This R&D is not just restricted to developed countries. Developing countries such as Iran have adopted their own nanotechnology programmes with a specific focus on agricultural applications. The Iranian Agricultural ministry is supporting a consortium of 35 laboratories working on a project to expand the use of nanotechnology in agro sector. The ministry is also planning to hold training programs to develop specialized human resources in the field. They have already produced their first commercial nanotechnology product Nanocid, a powerful antibacterial product which has potential applications in the food industry. The product has also widespread applications in the production of various kinds of detergents, paints, ceramics, air conditioning systems, vacuum cleaners, home appliances, shoes and garments. India has allocated 22.6 million USD in its 2006 budget to the Punjab Agricultural University in Ludhiana, in acknowledgement of its pioneering contribution to the Green Revolution. Its research on high-yielding crop varieties helped boost food production in the 1960s and new projects include the development of new tools and techniques for the agriculture industry.
Whatever the impacts of nanotechnology on the food industry and products entering the market, the safety of food will remain the prime concern. This need will strengthen the adoption of nanotechnology in sensing applications, which will ensure food safety and security, as well as technology which alerts customers and shopkeepers when a food is nearing the end of its shelf-life. New antimicrobial coatings and dirt repellent plastic bags are a remarkable improvement in ensuring the safety and security of packaged food.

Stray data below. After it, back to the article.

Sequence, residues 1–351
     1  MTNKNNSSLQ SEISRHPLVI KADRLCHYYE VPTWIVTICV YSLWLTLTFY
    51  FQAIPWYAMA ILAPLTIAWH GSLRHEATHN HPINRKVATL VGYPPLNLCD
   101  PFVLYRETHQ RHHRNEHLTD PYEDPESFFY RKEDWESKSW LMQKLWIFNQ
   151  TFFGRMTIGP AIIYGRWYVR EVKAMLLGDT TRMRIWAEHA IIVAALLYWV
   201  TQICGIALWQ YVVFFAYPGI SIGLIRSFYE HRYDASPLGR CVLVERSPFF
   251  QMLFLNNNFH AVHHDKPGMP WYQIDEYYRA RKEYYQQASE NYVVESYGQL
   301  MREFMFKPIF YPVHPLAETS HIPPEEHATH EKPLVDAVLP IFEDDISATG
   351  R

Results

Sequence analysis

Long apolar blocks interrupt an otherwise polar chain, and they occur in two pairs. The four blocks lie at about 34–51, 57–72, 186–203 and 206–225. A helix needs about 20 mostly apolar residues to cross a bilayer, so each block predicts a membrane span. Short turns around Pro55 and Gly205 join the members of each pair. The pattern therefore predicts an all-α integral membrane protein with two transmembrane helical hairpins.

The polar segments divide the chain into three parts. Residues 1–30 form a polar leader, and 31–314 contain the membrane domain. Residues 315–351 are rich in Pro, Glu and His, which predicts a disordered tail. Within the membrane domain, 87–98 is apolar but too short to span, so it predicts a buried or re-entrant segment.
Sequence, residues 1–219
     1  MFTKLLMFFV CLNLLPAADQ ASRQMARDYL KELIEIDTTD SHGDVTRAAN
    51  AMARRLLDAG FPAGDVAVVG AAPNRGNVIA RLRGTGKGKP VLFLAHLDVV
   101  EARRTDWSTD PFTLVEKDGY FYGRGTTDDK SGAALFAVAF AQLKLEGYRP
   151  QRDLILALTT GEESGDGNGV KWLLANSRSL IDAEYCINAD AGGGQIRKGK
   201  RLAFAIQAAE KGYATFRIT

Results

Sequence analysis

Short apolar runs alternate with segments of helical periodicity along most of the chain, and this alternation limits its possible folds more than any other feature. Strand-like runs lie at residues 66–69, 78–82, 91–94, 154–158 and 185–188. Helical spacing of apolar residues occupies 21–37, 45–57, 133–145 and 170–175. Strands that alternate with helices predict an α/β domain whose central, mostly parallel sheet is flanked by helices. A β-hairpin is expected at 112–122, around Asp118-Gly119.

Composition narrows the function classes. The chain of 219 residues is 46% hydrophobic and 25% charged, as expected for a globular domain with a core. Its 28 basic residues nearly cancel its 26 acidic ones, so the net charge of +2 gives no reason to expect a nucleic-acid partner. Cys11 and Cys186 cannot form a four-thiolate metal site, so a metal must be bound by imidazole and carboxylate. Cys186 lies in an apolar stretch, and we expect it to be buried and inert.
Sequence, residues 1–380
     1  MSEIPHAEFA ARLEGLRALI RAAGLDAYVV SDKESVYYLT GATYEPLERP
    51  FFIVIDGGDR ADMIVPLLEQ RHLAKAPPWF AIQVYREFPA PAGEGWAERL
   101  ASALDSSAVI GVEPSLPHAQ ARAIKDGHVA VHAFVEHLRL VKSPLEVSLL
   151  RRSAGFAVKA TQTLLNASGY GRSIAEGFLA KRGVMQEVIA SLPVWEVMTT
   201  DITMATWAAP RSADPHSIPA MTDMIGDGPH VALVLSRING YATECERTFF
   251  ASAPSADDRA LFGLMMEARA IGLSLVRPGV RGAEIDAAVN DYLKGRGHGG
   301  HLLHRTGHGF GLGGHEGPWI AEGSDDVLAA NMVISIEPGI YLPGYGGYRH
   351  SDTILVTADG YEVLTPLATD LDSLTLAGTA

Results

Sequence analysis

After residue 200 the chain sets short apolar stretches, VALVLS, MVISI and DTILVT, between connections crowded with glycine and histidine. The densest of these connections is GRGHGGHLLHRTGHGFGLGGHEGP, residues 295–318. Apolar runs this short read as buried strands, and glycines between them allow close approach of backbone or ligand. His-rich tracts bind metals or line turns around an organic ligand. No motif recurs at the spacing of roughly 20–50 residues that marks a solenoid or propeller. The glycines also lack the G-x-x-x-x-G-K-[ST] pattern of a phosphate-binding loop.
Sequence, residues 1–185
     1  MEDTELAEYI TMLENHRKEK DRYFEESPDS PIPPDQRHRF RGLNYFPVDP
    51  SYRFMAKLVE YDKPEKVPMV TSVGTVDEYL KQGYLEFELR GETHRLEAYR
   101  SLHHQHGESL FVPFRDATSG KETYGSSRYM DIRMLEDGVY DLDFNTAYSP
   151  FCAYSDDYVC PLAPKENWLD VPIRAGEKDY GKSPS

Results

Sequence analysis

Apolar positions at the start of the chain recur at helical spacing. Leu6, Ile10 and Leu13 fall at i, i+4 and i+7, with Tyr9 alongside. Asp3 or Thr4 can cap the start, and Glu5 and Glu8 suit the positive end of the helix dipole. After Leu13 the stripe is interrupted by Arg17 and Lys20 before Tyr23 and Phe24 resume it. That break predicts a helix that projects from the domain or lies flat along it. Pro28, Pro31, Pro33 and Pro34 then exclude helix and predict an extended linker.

However, there is concern over the use of nanoparticles in food and its manipulation using nanotechnologies, which has the potential to elicit the same issues raised in the GM debate. In this context, a recent report from the Institute of Food Science and Technology in the UK, argues that more safety data is required before nanoparticles can be included in food. The report points out that current legislation does not force companies to label food items containing nanoparticles; and so consumers are unlikely to be aware of such applications in food items. It calls for an appropriate pre-market safety evaluation focusing on the effects of particle size as well as composition.
The ETC group has gone further and has called for a moratorium on nanotechnology for agrifood. It has also accused major companies and high tech universities of seeking patents on new food items which may shut out innovative companies in less developed countries. Finally, it may be possible one day to manufacture food from component atoms and molecules, so-called “Molecular Food Manufacturing”.
Already some research groups are exploring this, but still from a top-down approach, using cells rather than molecules. Although the practical application of such technology is far into the future, it is expected that this could allow a more efficient and sustainable food production process to be developed where less raw materials are consumed and food of a higher nutritional quality is obtained.
Dr. Md. Sultan Mahmud is a Professor of Physics & Head at Department of Basic Sciences & Humanities, University of Asia Pacific Bangladesh. E-mail: [email protected]
BDST: 1749 HRS, APR 02, 2014